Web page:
Today, the NIS 2 Directive (Directive (EU) 2022/2555 of the European Parliament and of the Council of 14 December 2022 on measures for a high common level of cybersecurity across the Union, amending Regulation (EU) No 910/2014 and Directive (EU) 2018/1972, and repealing Directive (EU) 2016/1148 (NIS 2 Directive), OJ L 333, 27.12.2022, p. 80–152) enters into force. Member States have to transpose the Directive into national law by 17 October 2024. The NIS Directive (Directive (EU) 2016/1148)) is repealed with effect from 18 October 2024.
The time frame is rather tight considering the significant increase in entities covered due to new sectors being added and the introduction of a size-cap rule. The latter seeks to eliminate inconsistencies in the identification of essential services across the EU. It is no longer up to the Member States to decide upon thresholds and identification systems (top-down vs. bottom-up); all entities which qualify as medium-sized enterprises under Article 2 of the Annex to Commission Recommendation 2003/361/EC, or exceed the ceilings for medium-sized enterprises provided for in para. 1 of that Article, and which operate within the sectors coverd by the NIS 2 Directive and provide the types of service or carry out the activities covered by the NIS 2 Directive fall within its scope. The increase in entities covered is estimated between seven-fold (see T. Sievers, Proposal for a NIS directive 2.0: companies covered by the extended scope of application and their obligations referring to the European Commission’s Impact Assessment Report, EU-doc. SWD (2020) 345 final, Part 1/3, p. 20, 70) to forty-fold (Cyber Security Coalition asbl/vzw. NIS-2: Where are you?) compared to the status quo. With more entities being covered and new supervisory and enforcement powers granted to the competent NIS authorities, a key aspect for Member States will be the respective staffing and funding of national authorities.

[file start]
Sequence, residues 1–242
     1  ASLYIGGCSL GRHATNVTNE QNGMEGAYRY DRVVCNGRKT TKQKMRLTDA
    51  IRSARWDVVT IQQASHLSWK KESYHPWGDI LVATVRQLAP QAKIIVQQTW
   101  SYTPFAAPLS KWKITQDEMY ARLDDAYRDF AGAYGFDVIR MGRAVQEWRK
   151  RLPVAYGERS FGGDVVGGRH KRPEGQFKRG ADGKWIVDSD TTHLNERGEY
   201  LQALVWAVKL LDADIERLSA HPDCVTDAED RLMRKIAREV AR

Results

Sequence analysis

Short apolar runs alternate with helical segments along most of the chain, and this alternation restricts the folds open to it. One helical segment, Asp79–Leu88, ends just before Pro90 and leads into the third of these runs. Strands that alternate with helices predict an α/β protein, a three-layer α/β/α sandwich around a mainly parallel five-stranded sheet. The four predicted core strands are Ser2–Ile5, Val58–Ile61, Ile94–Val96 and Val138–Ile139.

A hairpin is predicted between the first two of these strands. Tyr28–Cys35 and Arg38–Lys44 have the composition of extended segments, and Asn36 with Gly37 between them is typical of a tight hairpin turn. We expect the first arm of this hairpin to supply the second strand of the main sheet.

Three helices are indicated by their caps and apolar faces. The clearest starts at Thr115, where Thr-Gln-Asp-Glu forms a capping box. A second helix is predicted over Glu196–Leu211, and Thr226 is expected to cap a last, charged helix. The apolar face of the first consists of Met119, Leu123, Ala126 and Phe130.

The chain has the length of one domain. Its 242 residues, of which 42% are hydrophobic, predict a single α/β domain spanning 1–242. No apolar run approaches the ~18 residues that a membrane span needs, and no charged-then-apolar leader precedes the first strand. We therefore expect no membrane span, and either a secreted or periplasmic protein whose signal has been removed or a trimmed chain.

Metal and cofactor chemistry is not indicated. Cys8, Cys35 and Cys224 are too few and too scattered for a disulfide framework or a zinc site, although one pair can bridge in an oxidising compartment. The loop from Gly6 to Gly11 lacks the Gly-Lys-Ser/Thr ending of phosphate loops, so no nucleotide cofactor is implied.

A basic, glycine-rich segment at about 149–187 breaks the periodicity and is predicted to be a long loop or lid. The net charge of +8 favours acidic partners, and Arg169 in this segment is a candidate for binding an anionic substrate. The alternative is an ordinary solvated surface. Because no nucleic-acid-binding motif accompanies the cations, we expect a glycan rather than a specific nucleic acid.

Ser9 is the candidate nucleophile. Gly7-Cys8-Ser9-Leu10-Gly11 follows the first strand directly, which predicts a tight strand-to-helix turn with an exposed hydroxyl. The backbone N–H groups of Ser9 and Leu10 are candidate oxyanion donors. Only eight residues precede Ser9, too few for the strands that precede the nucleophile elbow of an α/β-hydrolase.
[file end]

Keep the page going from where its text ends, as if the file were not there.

In a previous publication we mapped the NIS 2 Proposal against the latest legislative measures in Germany and Italy in the field of cybersecurity since both Member States had already implemented some of the suggested changes and discussed amendments (see here).